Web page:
9. The battery pack according to claim 6 further comprising a first controller and a second controller, wherein said first controller is electrically connected to said first plurality of cells and said second controller is electrically connected to said second plurality of cells.
10. The battery pack according to claim 9 wherein said controller controls one or more of the following functions: charging, discharging, communication, identification, status, diagnostic, logging and switching.
11. The battery pack according to claim 9 wherein said first controller is electrically isolated from said second controller in said storage mode and electrically connected to said controller in said use mode.
12. The battery pack according to claim 1 wherein said plurality of cells includes multiple two-cell units, wherein each cell of said two-cell unit is wired in parallel to the other cell and said multiple two-cell units are wired in series.
13. The battery pack according to claim 12 wherein said plurality of cells provides 36 volts.
14. The battery pack according to claim 12 wherein said storage capacity includes between about 78 and 96 watt hours.
15. The battery pack according to claim 12 wherein said plurality of cells includes 20 cells arranged in ten two-cell units.
16. The battery pack according to claim 12 wherein said plurality of cells includes a first battery disposed in said housing and including a first plurality of two-cell units and a second battery disposed in said housing and including a second plurality of two-cell units, wherein said first battery and said second battery are operable in a storage mode and a use mode, said storage mode including isolating said first plurality of cells from said second plurality of cells, said use mode including electrically connecting said first plurality of cells to said second plurality of cells and defining a voltage and a storage capacity for the battery pack.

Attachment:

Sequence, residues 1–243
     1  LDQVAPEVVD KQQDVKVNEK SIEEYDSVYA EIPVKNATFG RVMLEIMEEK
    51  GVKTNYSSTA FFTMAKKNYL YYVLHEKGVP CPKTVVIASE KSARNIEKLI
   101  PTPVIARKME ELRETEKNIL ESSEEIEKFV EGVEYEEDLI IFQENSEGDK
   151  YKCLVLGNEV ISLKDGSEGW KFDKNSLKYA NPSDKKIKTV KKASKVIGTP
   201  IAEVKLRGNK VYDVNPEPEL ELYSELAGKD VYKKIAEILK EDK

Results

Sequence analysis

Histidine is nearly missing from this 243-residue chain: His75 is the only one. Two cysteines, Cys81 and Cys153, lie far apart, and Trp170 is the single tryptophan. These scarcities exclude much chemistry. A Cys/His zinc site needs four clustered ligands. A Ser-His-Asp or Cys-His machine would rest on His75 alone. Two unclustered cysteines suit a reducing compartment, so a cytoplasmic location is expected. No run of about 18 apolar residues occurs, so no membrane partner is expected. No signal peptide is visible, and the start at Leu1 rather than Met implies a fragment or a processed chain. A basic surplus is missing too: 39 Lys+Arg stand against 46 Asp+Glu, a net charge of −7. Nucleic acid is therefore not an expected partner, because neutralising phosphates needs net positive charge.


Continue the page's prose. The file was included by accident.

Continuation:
17. The battery pack according to claim 16 further comprising a controller electrically connected to at least one of said first plurality of cells and said second plurality of cells.
18. The battery pack according to claim 17 wherein said controller controls one or more of the following functions: charging, discharging, communication, identification, status, diagnostic, logging and switching.
19. The battery pack according to claim 16 further comprising a first controller and a second controller, wherein said first controller is electrically connected to said first plurality of cells and said second controller is electrically connected to said second plurality of cells.
20. The battery pack according to claim 19 wherein said controller controls one or more of the following functions: charging, discharging, communication, identification, status, diagnostic, logging and switching.
21. The battery pack according to claim 19 wherein said first controller is electrically isolated from said second controller in said storage mode and electrically connected to said controller in said use mode.
Description
CROSS-REFERENCE TO RELATED APPLICATIONS

This application is a divisional of U.S. patent application Ser. No. 11/071,887, filed on Mar. 3, 2005, which claims the benefit of U.S. Provisional Application No. 60/551,211, filed on Mar. 8, 2004. The disclosures of the above applications are incorporated herein by reference.

FIELD OF THE INVENTION

The present invention generally relates to battery packs and, more specifically, to improved battery packs.

BACKGROUND OF THE INVENTION